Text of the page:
“Hyperbox” is something of an anomaly when it arrives, compared to the more closely related previous two tracks. A welcome anomaly mind you. The toybox approach 36 introduced in his debut Hypersona is back once more in stunning form, tapping, tinkling, gliding and shimmering its way along in a naively beautiful display, like light refracting off the crystal of some elaborate mobile turning slowly overhead.  Or perhaps the imagining of stars whizzing by as seen from the delicate capsule of some space faring vessel. Make no mistake, it’s one of his most uptempo and compelling tracks to date, and it’s gorgeous.

Finally, “Night Light” rolls in delicately to collapse the pace of “Hyperbox”, assuming you have the bonus track. It’s like the recounting of endless sleepless nights staring at the ceiling as the slow xylophones roll by, but there is an underlying menace and anxiety to this peaceful and beauteous foreground in the form of oppressive and dark backing drone, rolling and oscillating in the backfield with just a hint of lo-fi distortion to coarsen its edges. Perhaps its even the juxtaposition of nights of our youth vs now; that young version of ourselves at peace and well rested compared to the older version who is restless with the weight of responsibility. Or maybe I’m just projecting.

It’s a great little EP, clocking in at only 11 minutes or so, and whilst perhaps not quite as emotionally variable as a longer full length there’s still enough content to get your teeth into, and it’s wonderfully crafted and mastered on top. Just a nice, short EP for when you need your hit of wistfulness on the go.

Whilst I dont necessarily condone it, someone has uploaded the entire thing on Youtube, and it you like what you hear maybe you can go to his Bandcamp page and pick it up for yourself, it’s really cheap.

The Top 20 Albums of 2013

Hard to believe that another year has been crossed off. Much has changed since our last list, for HearFeel and otherwise, and I almost don’t want it to be over. 2013 has been a fine, very fine actually, year for music and it’s been a tough one hashing out the list this time. But I’ve struggled through all this excellent music to provide once more the official Best Of from HearFeel. This is purely subjective and personal, and you wont find too many of the year’s biggest albums on here, but everything on it is something I consider top quality.

As always, I just wanted to thank everyone who has taken the time to not only view the site but everyone who has subscribed and taken the time to message me their thoughts and especially music. It means a lot and if it weren’t for the feedback and the continued mails from some great labels and incredible artists, I doubt I would remain as enthusiastic about maintaining this little project. So, here’s to 2013, what a great year it’s been, and let’s all hope that next year can follow in its footsteps. Without further ado, the list.

(Links to HearFeel reviews under the album name where appropriate)

1. Lusine – The Waiting Room

No list of mine would have been complete without Lusine at the top. A powerful Ambient Pop meets Microhouse release which finally sees Lusine employ vocals and pulls it off superbly. One of my favourite all time artists and so accessible, perhaps one of the most underrated Electronic artists on Ghostly’s roster.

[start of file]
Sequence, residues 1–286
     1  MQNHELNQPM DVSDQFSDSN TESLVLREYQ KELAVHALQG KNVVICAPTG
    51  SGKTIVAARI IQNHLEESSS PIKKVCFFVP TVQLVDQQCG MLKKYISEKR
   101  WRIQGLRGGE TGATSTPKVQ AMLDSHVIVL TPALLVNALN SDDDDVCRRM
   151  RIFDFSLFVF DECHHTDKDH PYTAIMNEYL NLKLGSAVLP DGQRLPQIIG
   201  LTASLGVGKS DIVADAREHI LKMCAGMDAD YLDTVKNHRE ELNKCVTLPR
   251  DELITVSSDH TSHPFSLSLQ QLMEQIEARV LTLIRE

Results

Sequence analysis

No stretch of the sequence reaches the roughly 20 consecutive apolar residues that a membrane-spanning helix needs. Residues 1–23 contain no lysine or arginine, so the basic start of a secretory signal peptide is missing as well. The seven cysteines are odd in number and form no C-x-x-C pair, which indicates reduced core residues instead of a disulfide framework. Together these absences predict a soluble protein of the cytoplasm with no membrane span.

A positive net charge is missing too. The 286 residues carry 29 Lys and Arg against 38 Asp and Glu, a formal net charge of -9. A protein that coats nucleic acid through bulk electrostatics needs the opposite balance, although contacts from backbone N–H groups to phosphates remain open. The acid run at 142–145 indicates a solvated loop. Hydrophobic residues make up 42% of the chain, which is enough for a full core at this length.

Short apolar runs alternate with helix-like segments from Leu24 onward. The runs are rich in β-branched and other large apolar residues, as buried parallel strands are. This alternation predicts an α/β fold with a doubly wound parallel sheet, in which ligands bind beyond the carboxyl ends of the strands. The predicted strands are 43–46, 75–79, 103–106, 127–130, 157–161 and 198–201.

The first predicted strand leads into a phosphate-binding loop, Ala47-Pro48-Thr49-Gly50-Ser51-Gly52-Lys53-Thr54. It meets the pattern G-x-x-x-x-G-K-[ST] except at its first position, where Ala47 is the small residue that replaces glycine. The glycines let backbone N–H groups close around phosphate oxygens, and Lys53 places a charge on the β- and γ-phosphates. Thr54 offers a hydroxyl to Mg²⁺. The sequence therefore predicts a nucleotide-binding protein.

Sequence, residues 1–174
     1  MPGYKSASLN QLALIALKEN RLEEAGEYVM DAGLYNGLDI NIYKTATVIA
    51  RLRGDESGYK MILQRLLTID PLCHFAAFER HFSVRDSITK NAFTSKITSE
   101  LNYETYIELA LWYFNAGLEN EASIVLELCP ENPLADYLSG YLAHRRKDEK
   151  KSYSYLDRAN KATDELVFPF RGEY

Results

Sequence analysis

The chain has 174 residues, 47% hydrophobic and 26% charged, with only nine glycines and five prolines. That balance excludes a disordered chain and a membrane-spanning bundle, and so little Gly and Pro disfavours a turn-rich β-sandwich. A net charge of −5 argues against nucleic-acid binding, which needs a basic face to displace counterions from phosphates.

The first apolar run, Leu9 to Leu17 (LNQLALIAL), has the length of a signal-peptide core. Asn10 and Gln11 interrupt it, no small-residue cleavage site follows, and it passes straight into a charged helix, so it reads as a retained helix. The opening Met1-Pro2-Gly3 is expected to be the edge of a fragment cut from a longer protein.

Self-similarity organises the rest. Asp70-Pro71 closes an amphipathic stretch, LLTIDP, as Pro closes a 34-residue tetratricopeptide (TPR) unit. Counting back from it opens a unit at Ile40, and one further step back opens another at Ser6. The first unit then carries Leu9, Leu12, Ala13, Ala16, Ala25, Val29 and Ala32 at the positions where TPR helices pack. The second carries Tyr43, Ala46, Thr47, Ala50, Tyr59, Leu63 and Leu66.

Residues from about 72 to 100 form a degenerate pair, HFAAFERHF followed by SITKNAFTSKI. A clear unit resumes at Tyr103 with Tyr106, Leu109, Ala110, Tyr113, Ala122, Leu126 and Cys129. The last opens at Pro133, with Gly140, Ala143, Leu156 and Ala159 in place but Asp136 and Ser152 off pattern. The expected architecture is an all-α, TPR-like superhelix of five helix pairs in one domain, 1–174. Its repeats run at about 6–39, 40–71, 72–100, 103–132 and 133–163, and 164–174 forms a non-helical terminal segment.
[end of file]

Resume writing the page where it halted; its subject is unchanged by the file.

2. Fuck Buttons – Slow Focus

Pushing the boundaries of Neo-Pysch and alternative electronic dance, there is nobody out there that quite sounds like these guys right now. It’s their heaviest, thickest release to date, and certainly their most rhythmically driven. Alienating and metallic, but intoxicatingly brash. Some criticism to be levelled at their awkward segues but a very strong album nonetheless.

3. Tim Hecker – Virgins

Could anything ever top Ravedeath, 1972? It was a tough one to followup but Virgins manages to stand its ground by employing tonnes of startlingly clear live instrumentation in perhaps his most head-scratching and thought provoking release yet. The piano is the scalpel of choice this time round, dangerously sharp and harrowing.

4. Raffertie – Sleep of Reason

Perhaps one of the most surprising releases of the year for me; hovering on the edges of Dubstep and Art Pop, Raffertie’s debut is a bit nebulous and doesn’t quite know where to hold itself, but compensates with insatiable basslines, crooning vocals and lush guitars. Intelligently crafted, subtly experimental and utterly groove-inducing.

5. Julianna Barwick – Nepenthe

It truly was love at first sight for me. The way that Barwick manipulates her voice and interfingers it with vast clouds of indistinguishable drone makes for an album that can shift from warm and peaceful to anxious and fearful at the flip of a switch. It’s difficult not to get caught in its emotional fog but I cant imagine anything I would want to do more.

6. EUS – Sol Levit

Challenging the meaning, the purpose, of life and what it means to be alive is no mean feat, but EUS channels the hard realities of loss and musings on the afterlife in vast swathes of potent drone and lush violin and piano sequences. It wasn’t an easy pick but this album is so heartfelt and earnest it’s pretty difficult to ignore. Big, but in a refined and introspective way.

7. Roly Porter – Life Cycle of a Massive Star

“Big” isn’t the word that comes to mind when detailing the scope of this vast Noise and Dark Ambient behemoth. Spanning a mere 30 minutes, Porter expresses this vast astronomical cycle to perfection in that short time, from the calm drone tracts of deep time and stable periods, to the tumultuous, chaotic and noisy sequences following birth and destruction. Indescribable.